A report released in late October, 2010 by Transparency International includes Kosovo for the very first time in its Corruption Perceptions Index and shows that Kosovo leads the region as having the most corrupted public institutions. Further, according to the independent Kosovo Anti-Corruption Agency, the number of cases where public officials were charged with corruptive practices has increased by 28 % during the last year, or from 53 cases in 2008 to 68 cases in 2009. Corruption has increased in the courts, local government, and the central government, whereas corruption in other public institutions (e.i., Kosovo Electro-Energy Corporation, Kosovo Privatization Agency, Pristina International Airport, or the Post Telekom of Kosovo) remained the same as in 2008 at 13 criminal corruption cases filed. The charges against these officials range from abuse of official duty, issuance of unlawful judicial decisions, embezzlement, falsification of official documents, and accepting bribes. The EUís EULEX and the Kosovo police have been central to combating corruption and upholding the rule of law. These entities have launched investigations, made arrests, and convicted several individuals who hold prominent positions in public institutions.

On July 13 of 2010, Ilir Tolaj, a former Permanent Secretary and advisor at Ministry of Health, was arrested on charges of tax evasion. Later, he was released on bail. In late April of this year, EULEX raided the Ministry of Transport and Telecommunicationís building and the house of its minister, Fatmir Limaj, on suspicion of soliciting bribes, money laundering, organized crime, abuse of public office, and fraud in the ministry. The raids caused friction between EULEX and the government led by Hashim Thaci.. Although no charges have been filed against Minister Limaj, an IT administrator of this ministry was arrested on charges of obstruction of justice in late July and the investigation still continues. Nevertheless, while EULEX investigations have yet to result in the arrest and conviction of any of the top politicians, its work into other public institutions has been significantly more aggressive in targeting their leadership.

On July of 2010, the governor of the Kosovo Central Bank, Hashim Rexhepi, was arrested on charges of evading taxes, trading influence, and money laundering. Later, receiving bribes over the issuing of licenses to insurance companies and abuse of official positions were added to Rexhepiís charges. A Kosovo court convicted former Pristina District Court judge Elez Hoxha for receiving 53, 000 Euros in bribes. This is an enormous amount of money when compared to 2,500 euros, the annual capita income in Kosovo, one of the poorest nations in Europe. While some politicians may tout these police actions in battling corruption as indications of their total success, the report by Transparency International clearly demonstrates that the people of Kosovo have much higher expectations. The very fact that Kosovo leads all its Balkans neighbors in corruption emphasizes the perceived prevalence of the ethical bankruptcy in public institutions.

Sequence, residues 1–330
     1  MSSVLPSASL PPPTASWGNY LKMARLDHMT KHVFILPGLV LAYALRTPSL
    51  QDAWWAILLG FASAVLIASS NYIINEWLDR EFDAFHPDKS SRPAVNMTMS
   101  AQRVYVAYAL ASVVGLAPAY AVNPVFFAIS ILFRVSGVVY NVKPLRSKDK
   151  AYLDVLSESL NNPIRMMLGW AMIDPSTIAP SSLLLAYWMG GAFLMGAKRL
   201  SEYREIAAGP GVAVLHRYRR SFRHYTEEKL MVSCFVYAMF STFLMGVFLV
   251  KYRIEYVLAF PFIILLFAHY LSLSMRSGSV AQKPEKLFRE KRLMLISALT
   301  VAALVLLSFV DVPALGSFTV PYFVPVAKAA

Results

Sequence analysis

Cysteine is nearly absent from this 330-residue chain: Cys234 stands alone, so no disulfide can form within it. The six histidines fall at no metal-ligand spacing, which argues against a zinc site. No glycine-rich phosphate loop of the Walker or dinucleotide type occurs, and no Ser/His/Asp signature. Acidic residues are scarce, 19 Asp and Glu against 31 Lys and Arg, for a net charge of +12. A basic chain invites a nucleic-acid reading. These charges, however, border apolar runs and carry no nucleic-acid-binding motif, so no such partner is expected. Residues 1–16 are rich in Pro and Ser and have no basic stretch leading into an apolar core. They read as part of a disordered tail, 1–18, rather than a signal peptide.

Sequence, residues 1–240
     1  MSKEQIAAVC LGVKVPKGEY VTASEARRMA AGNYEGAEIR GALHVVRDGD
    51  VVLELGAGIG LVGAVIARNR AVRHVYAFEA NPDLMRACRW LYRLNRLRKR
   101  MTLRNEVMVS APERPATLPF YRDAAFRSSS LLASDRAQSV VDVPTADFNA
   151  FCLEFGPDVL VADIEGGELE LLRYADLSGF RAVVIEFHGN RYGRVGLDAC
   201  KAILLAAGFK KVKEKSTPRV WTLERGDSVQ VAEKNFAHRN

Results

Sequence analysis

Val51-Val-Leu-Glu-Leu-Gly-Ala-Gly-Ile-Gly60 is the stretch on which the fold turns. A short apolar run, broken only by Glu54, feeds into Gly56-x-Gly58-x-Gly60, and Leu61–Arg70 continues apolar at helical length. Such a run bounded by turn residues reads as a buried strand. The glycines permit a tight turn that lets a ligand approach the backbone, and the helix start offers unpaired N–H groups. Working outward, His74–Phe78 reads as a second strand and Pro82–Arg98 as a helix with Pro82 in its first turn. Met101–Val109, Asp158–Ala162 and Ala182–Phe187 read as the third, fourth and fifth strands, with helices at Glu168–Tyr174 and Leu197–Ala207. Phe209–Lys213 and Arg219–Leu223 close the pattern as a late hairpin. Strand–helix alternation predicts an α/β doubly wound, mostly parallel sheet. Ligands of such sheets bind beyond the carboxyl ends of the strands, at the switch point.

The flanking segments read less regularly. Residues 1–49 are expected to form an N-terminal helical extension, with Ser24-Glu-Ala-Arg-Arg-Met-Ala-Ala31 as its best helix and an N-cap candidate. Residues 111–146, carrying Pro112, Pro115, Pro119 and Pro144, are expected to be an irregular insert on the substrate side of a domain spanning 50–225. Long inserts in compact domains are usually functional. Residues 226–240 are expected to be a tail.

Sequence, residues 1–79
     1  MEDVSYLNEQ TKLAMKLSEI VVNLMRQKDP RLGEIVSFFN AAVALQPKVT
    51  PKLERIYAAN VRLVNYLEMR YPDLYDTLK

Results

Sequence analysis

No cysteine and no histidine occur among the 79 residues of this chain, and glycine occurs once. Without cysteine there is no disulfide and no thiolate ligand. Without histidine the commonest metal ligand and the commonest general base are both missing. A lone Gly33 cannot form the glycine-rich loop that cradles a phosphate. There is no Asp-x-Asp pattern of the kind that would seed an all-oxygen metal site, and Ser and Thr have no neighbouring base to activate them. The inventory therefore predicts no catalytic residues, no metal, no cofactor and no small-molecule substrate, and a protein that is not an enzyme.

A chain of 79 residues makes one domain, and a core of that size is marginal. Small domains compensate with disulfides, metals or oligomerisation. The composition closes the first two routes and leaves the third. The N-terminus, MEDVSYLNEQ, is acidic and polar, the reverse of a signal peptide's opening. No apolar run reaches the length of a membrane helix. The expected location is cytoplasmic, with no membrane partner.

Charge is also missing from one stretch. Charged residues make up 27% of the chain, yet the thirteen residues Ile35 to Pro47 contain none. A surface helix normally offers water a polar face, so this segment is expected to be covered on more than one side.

An intensified and results-based campaign will demonstrate to the citizens of Kosovo that the fight against corruptions is making more than insufficient progress. The success of anti-corruption strategies ultimately rests on the political will of the government to bridge the gap between rhetoric and action by embracing a zero-tolerance policy towards corruption even if corruption exists within government halls. Further, success on combating corruption also depends upon the consciousness of citizens and businesses to refuse to participate in these practices and confidentially expose them to the appropriate institutions.

Sometime within the next few months, Kosovo will go into early elections following the breakup of the government coalition between the Democratic Party of Kosovo led by Hashim Thaci and the Democratic League of Kosovo led by Fatmir Sejdiu. Regardless of the outcome of these elections, the new government must commit itself to raise the bar in terms of pursuing government reforms and fighting corruption at all levels and public institutions. Kosovoís need to strengthen democratic institutions is essential to avoid becoming a failed state. Ensuring government transparency, uncompromisingly fighting corruption, and indiscriminately upholding the rule of law, and developing a competitive economy are its best bet for EU admission.

Luan Mazreku is a senior fellow at the Kosovo Public Policy Center.
Email:
luan.mazreku@kppcenter.org